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Has anyone used the new version of Garritan yet? I know it's only $49 for the upgrade, but I was wondering how it differed from the second version. I use EWQLSO Plat and I really liked the Gofriller Cello Garritan came out with a while back and I see it is included now, is it the same or did they dumb it down or what? I'm just looking for something simple to use so I don't have to drive to the studio every time I have an idea.

Cheers

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Really, I thought they have it posted on the Garritan website that they included both stringed instruments in the GPO4, I hope that it is the same thing.
New versions of the Strad and Gofriller are supposed to be included in GOS 2, along with some additional solo strings, similarly programmed. No word for now on when that's supposed to come out (soon, I hope!)

The solo strings in GPO 4 are basically the same ones as in previous versions of GPO, only reprogrammed for the Aria player.
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Dan Powers

This is what I got off of the Garritan forum. Oh well, I may still get it so I can have a cheap setup, but now I know not to get my hopes up.
I'd like to invest in a garratan product but I don't know how they work really, do they have any demos I can try? I've been using Finale Notepad for a few years, but the garritan sounds are much better, and Finale limits My staves ='(

Any help in this dept.?
Chris Rodier said:
I'd like to invest in a garratan product but I don't know how they work really, do they have any demos I can try? I've been using Finale Notepad for a few years, but the garritan sounds are much better, and Finale limits My staves ='(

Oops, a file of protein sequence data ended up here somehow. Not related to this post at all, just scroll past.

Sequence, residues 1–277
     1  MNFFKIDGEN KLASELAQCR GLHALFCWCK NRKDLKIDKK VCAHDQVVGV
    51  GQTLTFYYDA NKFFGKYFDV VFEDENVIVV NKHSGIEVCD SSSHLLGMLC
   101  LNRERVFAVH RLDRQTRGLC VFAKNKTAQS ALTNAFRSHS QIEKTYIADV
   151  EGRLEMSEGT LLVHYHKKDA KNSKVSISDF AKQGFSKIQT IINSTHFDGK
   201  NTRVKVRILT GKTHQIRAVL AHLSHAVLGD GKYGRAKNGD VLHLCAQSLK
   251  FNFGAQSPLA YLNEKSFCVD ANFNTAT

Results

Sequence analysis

Any help in this dept.?

Well Chris, I don't know how to answer that fully. There is a lot of info that you're probably missing that would help you get the gist. The first thing I would do is check out the garritan home page. GPO works like a plugin and is VST and AU compatable, but there is a program manager that would allow Finale to control the Aria software, but I don't know if Finale Notepad would do the same things as the full version of Finale, since I haven't used those in a while.

Other than that, if you're looking for a basic and cheap way to get orchestral sounds out of your computer, GPO is great, but it is by no means a professional orchestral sampled or modeled program (not that any of the expensive and great sounding orchestral plugins and programs out there should be called professional or related to as such, but if you were to take a group of plugins that did the job well, you would call these professional) , if you wanted to check out actual professional programs, I would check out Logic/Cubase/Protools, vienna symphonic library (VSL), some east west plugins and check out what people generally use for software and the demos those companies would have.

The most professional thing you could do, is get a simple setup to check your scores, like GPO with Finale or Sibelius. Just remember that GPO doesn't have everything and your final output will be going to a recording studio and hiring orchestral musicians. If you want to do it all on your computer, you'll need to get into software DAWs like Logic, Cubase or protools and get the appropriate endless vast libraries to keep up with new and decent samples or modeled sounds.
Finale Notepad won't work with GPO or any other VST instrument. Only Finale itself supports those.

Jeremy Cummings said:
Chris Rodier said:
I'd like to invest in a garratan product but I don't know how they work really, do they have any demos I can try? I've been using Finale Notepad for a few years, but the garritan sounds are much better, and Finale limits My staves ='(

Any help in this dept.?

Well Chris, I don't know how to answer that fully. There is a lot of info that you're probably missing that would help you get the gist. The first thing I would do is check out the garritan home page. GPO works like a plugin and is VST and AU compatable, but there is a program manager that would allow Finale to control the Aria software, but I don't know if Finale Notepad would do the same things as the full version of Finale, since I haven't used those in a while.